Last month, Canada’s transport ministry finalised an electronic logging device (ELD) mandate that will come into force on June 12, 2021, aligning the country’s vehicle regulations with the USA.
ELDs, which will replace paper-based logbooks, aim to ensure that commercial vehicle operators drive within their daily limit and accurately log their working hours. The devices track when and how long drivers have been at the wheel and ensure they are complying with the Canada’s hours of service regulations.
Transport Canada said that it conducted extensive consultations with the industry to ensure the implementation of the devices is feasible. “As a result of these consultations, a third-party certification process will be put in place to ensure that the ELDs will be accurate and reliable,” added the ministry.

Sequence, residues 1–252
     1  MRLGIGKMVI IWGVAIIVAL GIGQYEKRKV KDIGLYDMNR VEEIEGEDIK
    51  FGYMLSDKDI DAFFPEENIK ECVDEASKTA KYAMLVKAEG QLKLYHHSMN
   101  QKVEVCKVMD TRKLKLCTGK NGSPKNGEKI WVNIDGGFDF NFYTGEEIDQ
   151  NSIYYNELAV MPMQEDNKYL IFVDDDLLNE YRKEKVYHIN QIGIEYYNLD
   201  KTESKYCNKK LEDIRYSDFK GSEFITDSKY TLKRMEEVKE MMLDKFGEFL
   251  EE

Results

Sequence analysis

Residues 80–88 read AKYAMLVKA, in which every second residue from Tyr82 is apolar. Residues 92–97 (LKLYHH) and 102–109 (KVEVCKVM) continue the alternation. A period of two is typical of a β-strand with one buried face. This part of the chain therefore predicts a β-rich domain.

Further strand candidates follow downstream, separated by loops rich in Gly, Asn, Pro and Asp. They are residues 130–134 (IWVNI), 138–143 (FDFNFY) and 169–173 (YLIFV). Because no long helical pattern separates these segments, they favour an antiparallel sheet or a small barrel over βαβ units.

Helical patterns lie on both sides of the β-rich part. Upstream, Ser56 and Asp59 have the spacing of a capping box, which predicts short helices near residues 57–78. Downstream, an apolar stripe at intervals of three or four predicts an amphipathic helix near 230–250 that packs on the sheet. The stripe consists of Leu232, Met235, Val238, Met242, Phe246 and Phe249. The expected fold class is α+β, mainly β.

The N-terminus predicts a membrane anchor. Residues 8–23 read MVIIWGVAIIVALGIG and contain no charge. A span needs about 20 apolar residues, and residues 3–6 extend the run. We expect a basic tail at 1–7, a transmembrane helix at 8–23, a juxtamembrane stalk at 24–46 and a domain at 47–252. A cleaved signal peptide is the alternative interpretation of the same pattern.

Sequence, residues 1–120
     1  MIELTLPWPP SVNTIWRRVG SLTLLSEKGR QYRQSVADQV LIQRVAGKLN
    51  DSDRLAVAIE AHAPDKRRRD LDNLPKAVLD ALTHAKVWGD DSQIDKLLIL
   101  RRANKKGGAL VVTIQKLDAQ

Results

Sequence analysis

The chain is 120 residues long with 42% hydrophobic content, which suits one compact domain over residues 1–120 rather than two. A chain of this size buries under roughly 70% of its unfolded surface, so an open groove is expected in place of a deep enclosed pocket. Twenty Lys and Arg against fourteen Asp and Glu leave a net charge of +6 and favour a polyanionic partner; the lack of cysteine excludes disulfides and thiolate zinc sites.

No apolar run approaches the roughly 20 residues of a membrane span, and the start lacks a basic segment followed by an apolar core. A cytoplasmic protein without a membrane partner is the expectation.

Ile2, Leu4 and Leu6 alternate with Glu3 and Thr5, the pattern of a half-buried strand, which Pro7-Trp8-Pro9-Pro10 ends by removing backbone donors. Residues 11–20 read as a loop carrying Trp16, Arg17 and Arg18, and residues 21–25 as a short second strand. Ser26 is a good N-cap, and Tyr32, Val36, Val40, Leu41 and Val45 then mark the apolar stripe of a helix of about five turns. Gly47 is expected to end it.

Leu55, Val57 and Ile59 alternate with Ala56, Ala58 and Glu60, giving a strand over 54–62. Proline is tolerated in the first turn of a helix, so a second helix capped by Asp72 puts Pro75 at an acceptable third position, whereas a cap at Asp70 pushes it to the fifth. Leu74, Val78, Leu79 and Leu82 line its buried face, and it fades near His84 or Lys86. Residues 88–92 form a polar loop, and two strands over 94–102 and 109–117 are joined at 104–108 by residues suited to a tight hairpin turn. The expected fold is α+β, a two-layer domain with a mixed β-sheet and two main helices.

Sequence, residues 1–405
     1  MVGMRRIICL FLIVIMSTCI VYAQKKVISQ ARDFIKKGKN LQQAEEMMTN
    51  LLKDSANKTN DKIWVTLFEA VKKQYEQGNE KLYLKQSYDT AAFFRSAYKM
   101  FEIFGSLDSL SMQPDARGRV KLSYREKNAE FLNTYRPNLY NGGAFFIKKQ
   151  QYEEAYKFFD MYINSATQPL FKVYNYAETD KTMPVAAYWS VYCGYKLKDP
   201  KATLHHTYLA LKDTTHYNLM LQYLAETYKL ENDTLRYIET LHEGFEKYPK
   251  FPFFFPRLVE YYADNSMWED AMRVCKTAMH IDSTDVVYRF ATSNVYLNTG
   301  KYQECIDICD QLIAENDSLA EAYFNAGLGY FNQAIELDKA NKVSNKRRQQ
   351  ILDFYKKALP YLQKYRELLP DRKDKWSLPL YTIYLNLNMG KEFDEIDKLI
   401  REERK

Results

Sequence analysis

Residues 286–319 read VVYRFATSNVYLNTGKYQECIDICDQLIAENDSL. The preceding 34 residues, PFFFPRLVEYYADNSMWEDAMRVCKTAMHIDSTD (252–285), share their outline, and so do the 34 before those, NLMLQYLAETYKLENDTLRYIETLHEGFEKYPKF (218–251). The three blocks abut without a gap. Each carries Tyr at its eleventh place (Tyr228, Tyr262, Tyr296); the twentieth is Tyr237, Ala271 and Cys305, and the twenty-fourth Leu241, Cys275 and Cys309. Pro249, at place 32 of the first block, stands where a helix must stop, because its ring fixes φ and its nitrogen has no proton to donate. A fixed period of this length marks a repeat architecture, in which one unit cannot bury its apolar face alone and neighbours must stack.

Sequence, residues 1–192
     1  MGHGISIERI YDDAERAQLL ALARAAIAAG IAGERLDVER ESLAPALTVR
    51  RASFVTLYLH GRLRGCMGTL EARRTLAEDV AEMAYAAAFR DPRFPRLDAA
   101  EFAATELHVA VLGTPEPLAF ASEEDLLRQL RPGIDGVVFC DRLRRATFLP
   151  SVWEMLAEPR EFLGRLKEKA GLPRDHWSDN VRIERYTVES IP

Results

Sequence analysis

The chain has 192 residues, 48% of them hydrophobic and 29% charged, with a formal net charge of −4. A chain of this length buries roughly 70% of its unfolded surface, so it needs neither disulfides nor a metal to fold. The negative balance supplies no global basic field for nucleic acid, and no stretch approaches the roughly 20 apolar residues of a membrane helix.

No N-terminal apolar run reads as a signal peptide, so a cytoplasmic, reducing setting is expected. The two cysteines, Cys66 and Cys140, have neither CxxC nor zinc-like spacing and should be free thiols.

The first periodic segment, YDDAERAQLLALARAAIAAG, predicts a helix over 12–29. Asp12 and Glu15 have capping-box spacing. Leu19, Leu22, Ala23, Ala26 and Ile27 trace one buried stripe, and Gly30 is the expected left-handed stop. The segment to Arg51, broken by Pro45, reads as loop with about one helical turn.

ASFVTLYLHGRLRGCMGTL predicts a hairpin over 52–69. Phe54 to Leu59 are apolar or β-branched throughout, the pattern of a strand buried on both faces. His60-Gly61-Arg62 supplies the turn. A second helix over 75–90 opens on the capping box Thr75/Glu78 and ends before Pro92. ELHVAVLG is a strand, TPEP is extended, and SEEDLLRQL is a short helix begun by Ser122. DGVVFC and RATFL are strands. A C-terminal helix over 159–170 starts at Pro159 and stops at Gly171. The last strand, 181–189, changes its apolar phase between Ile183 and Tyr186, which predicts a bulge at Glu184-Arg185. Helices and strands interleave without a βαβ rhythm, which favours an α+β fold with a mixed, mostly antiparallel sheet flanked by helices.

It is estimated that the mandatory requirement for ELDs will reduce the risk of fatigue-related collisions by approximately 10 percent.
ELD regulations came into force in the USA during December 2017 and have been a polarising subject in the country’s freight market since their introduction.
As HLPFI has previously reported, drivers complained that the enforcement has lowered productivity, caused delays in the supply chain and raised the cost of shipping. With the freight market in the USA already suffering from a shortage of drivers, the supply chain was also concerned that the mandate would potentially push away the workforce at a time when capacity is already tight.
However, a report from DAT Solutions in January 2019 suggested that the number of active carriers in the US commercial motor vehicle sector has grown at a faster rate following the implementation of the ELD mandate. However, DAT attributed this trend to favourable market conditions in late December 2017 and early January 2018.